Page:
Within Western culture, World War Two continues to exercise an extraordinary fascination for generations unborn when it took place. The obvious explanation is that it was the greatest and most terrible event in human history. Within the vast compass of the struggle, some individuals scaled summits of courage and nobility, while others plumbed depths of evil, in a fashion that compels the awe of posterity.
Among citizens of modern democracies to whom serious hardship and collective peril are unknown, the tribulations which hundreds of millions endured between 1939 and 1945 are almost beyond comprehension. Hastings tells the story of the war in a clear and compelling narrative, ranging across a vast canvas from the agony of Poland in 1939 and the horrors of the Soviet front to the dropping of the atom bombs on Japan in August 1945.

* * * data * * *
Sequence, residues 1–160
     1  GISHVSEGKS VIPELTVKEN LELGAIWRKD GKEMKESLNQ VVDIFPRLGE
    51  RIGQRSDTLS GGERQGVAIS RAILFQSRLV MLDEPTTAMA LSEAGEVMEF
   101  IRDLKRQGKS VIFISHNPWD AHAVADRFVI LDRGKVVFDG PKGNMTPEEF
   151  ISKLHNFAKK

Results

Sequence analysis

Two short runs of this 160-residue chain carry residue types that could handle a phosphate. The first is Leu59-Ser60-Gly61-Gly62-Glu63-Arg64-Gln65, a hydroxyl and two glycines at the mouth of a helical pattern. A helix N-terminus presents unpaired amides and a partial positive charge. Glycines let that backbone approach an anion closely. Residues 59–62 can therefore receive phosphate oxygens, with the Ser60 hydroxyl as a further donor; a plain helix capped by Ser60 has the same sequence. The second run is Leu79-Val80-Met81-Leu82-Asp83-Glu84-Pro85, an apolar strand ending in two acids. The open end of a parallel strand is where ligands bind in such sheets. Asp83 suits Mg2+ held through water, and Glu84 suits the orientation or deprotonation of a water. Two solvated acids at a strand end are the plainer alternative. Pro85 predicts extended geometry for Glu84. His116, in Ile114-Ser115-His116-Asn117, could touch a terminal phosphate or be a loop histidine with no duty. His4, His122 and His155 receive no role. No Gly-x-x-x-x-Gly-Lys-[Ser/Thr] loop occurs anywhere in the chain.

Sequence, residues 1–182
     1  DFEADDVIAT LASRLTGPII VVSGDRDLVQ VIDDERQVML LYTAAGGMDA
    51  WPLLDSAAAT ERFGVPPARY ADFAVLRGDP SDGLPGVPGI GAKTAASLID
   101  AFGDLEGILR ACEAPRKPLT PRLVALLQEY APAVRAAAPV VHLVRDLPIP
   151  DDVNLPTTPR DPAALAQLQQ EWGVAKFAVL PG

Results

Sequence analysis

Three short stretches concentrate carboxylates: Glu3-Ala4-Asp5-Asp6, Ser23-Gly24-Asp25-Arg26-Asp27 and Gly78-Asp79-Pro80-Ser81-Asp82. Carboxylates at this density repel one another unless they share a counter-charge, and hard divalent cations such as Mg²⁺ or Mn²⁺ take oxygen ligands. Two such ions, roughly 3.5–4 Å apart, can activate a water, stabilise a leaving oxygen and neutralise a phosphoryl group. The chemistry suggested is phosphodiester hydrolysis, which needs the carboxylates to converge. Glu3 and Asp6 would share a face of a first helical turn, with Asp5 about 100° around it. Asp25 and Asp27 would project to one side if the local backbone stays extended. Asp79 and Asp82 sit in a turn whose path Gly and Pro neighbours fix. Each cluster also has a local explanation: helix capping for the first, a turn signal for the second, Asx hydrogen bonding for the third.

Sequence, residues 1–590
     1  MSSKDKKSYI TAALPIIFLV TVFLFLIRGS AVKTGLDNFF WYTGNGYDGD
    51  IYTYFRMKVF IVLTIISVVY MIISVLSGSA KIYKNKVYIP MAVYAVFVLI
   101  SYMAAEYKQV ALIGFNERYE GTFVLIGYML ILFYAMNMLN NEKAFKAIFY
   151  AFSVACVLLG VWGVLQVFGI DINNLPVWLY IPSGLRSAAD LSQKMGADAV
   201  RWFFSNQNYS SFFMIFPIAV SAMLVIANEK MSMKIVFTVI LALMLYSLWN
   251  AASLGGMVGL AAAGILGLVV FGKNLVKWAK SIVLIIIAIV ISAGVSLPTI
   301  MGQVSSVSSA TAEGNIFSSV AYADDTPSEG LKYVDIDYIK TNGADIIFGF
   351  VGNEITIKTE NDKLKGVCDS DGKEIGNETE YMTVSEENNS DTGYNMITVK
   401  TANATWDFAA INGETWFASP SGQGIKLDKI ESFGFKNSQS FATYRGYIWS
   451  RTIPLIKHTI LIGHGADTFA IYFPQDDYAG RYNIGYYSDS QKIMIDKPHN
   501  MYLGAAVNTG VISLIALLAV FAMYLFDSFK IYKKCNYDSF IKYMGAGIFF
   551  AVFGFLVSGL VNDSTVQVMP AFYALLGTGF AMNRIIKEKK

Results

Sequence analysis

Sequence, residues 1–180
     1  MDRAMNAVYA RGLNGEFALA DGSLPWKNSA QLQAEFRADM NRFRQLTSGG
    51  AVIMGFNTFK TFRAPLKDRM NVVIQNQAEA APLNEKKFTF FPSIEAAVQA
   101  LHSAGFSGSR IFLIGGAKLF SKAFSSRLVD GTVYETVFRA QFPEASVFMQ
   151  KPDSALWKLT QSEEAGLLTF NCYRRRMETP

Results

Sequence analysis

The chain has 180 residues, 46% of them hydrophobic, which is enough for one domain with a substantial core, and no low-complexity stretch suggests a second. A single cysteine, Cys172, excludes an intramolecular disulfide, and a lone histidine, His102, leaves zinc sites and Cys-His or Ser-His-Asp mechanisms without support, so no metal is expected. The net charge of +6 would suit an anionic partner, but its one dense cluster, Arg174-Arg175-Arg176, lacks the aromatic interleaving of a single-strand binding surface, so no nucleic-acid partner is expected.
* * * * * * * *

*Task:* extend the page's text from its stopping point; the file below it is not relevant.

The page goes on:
This is a book which shows vividly what war meant for individuals from Allied soldiers, sailors, and airmen, to SS killers, to civilians caught up in the war, like British housewives who endured the Blitz and the citizens of Leningrad who suffered through a siege of almost unimaginable horror.